The Misleading Vietnam War Victory

Inflated American casualty figures during the Vietnam War resulted in General Westmoreland overestimating his optimism about the U.S. winning the war. This skewed data was then shared with President LBJ, leading to a false sense of American success. However, Westy and Hanoi were both proven mistaken as the North planned a massive operation called the Tet Offensive, hoping to inspire the South Vietnamese to rise up against their American oppressors. Though there was support for the North in rural communities, cities were unlikely to revolt, and the war remained a struggle for both sides.

The Bold Tet Offensive

Hue, a strategically important city, remained untouched until the Tet Offensive. The city required nearly 10,000 troops to be captured. The Viet Cong established their base in La Chu, while the local cells recruited new members. Artillery and regular units were approaching the city with specific orders. The mission of a single man was to raise a unique flag symbolizing the city’s religious factions and intelligentsia to incite its population to join the cause. The Tet Offensive was meticulously planned and executed, earning praise from even US Navy officials.

Tet Offensive: The Start of the End

In 1968, the Vietnamese New Year, known as Tet, was supposed to be a time of truce. However, Hanoi had different plans and used the holiday period to launch a surprise attack. Thousands of troops moved silently and attacked various government buildings within hours. Although they failed to meet one of their main objectives of defeating the US military compound, the Tet Offensive marked a turning point in the war—the US public had expected a swift victory, and the attack proved otherwise. The event intensified anti-war sentiments and marked the start of the end of the American war effort in Vietnam.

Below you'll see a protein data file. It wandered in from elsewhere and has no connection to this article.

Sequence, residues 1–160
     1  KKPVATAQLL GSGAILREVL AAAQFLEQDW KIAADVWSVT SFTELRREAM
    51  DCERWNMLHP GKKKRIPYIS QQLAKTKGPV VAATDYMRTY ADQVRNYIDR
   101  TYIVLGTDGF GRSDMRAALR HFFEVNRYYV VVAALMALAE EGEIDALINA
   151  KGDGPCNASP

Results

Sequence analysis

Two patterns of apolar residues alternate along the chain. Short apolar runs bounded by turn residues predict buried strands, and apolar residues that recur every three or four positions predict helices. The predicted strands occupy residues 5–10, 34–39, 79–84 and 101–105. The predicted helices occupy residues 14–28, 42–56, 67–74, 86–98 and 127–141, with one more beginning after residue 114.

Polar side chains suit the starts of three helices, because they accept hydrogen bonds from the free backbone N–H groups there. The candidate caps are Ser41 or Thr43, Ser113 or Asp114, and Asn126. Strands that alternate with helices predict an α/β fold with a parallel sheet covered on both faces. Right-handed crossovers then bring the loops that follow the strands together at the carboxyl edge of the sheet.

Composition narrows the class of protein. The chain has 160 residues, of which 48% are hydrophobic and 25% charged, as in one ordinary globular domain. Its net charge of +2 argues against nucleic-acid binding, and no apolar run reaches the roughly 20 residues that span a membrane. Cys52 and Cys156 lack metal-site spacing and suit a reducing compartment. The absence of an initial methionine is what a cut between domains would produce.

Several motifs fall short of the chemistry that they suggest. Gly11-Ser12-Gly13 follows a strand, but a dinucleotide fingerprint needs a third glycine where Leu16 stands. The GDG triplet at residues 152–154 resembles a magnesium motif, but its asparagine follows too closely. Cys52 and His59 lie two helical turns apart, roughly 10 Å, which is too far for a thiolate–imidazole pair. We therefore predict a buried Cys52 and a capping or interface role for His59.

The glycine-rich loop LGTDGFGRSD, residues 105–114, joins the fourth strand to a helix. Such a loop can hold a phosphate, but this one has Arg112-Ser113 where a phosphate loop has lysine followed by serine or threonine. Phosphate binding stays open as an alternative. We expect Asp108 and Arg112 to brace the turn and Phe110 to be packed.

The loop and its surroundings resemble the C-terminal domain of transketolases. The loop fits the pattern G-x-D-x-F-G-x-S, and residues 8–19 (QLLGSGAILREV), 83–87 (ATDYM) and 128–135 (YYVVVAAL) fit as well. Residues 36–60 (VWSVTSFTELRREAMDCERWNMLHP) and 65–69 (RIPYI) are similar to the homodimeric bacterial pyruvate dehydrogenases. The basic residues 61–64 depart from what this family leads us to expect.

Brutal Communist Crackdown

After capturing Hue in the Tet Offensive, Communist troops massed in the city and sought to rally locals to their side. However, the citizens refused to cooperate, leading to a brutal crackdown on supposed foreign elements, southern-aligned elites, and alleged spies. The crackdown included sending foreigners to internment centers and summarily executing suspected enemies of the people. The Communist soldiers’ lack of English led to the false execution of French workers for the local power station. Ultimately, over 2,000 people were executed in the coming weeks, marking the beginning of a reign of terror.

Underestimating the Enemy

The book recounts the American military’s blunder in underestimating the severity of the Tet Offensive during the Vietnam War, particularly in the battle for Hue City. Despite reports indicating a significant Communist force, American leadership refused to acknowledge the situation’s gravity and sent troops on a suicide mission. Lieutenant Colonel Gravel’s call for reinforcements was ignored, and ultimately, the enemy overwhelmed American troops at the main bridge to the Citadel. The book highlights the dangers of underestimating the enemy and the dire consequences of failing to assess the situation’s reality.